U.S. President Barack Obama has proposed bringing together the country’s food safety operations into one agency to better monitor food quality in a move that would reshape the Food and Drug Administration.
The proposal was put forward as part of the President’s 2016 budget plan. The new agency would combine the food safety responsibilities of the FDA, the U.S. Department of Agriculture and other agencies.
“A single Federal food safety agency would provide focused, centralized leadership, a primary voice on food safety standards and compliance with those standards, and clear lines of responsibility and accountability that will enhance both prevention of and responses to outbreaks of food-borne illnesses,” the budget proposal noted.
The President’s proposal reflects provisions in draft bill introduced last month by Democratic Senator Richard Durbin from Illinois and Representative Rosa DeLauro, a Democrat from Connecticut. The bill, introduced as the Safe Food Act of 2015, is designed to improve safety at a time more and more food is being sourced from overseas.
Michael Taylor, deputy commissioner for foods and veterinary medicine at the FDA, declined to say whether such a move would be supported by FDA officials.
“It depends on how it’s done,” he said.
While recognizing that food safety is fragmented, he said, the FDA will focus on implementing the Food Safety Modernization Act “while Congress considers what the President has proposed.”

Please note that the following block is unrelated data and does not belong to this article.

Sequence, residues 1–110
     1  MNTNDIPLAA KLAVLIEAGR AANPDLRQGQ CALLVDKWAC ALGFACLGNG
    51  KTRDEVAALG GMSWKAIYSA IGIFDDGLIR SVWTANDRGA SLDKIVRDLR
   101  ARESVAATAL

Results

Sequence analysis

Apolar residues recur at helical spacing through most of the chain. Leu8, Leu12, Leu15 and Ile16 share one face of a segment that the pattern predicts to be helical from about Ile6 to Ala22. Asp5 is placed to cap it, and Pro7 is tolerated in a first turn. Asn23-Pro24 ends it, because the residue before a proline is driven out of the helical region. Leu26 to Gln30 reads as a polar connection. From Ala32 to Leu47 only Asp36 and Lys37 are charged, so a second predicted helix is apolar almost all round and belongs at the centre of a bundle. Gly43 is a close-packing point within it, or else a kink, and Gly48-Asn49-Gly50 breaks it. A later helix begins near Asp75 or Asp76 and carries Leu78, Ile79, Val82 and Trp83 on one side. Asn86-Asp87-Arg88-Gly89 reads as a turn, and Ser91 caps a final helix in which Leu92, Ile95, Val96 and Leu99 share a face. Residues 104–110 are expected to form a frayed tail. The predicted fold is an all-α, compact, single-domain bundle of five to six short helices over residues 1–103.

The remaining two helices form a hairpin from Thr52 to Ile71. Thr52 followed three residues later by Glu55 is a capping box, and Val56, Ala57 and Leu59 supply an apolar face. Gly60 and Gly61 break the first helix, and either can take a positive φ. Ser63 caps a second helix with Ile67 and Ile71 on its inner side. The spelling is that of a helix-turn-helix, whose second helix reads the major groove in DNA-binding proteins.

The President’s proposal calls for a single agency within the Department of Health and Human Services. The agency would be independent from the FDA and would be responsible for food safety inspections, enforcement, applied research and responses to food-poisoning outbreaks.
Margaret A. Hamburg, M.D., Commissioner of Food and Drugs writes in these edited comments that:
FDA oversees products that represent more than 20 cents of every dollar that American consumers spend.
In FY 2014, we took important steps to finalize a key set of proposed food safety rules … In FY 2016, we are requesting essential and timely resources to address critical food and medical product safety issues
FDA is requesting a total of $4.9 billion to support our various mandates to protect the American people. This includes a $148 million budget authority increase to focus on the following:
delivering a farm-to-table system of prevention, including improved oversight of imported foods, through effectively implementing the final rules required by FSMA;
combating the growing threat of antibiotic resistance – in which drugs become less effective, or ineffective, against harmful bacteria.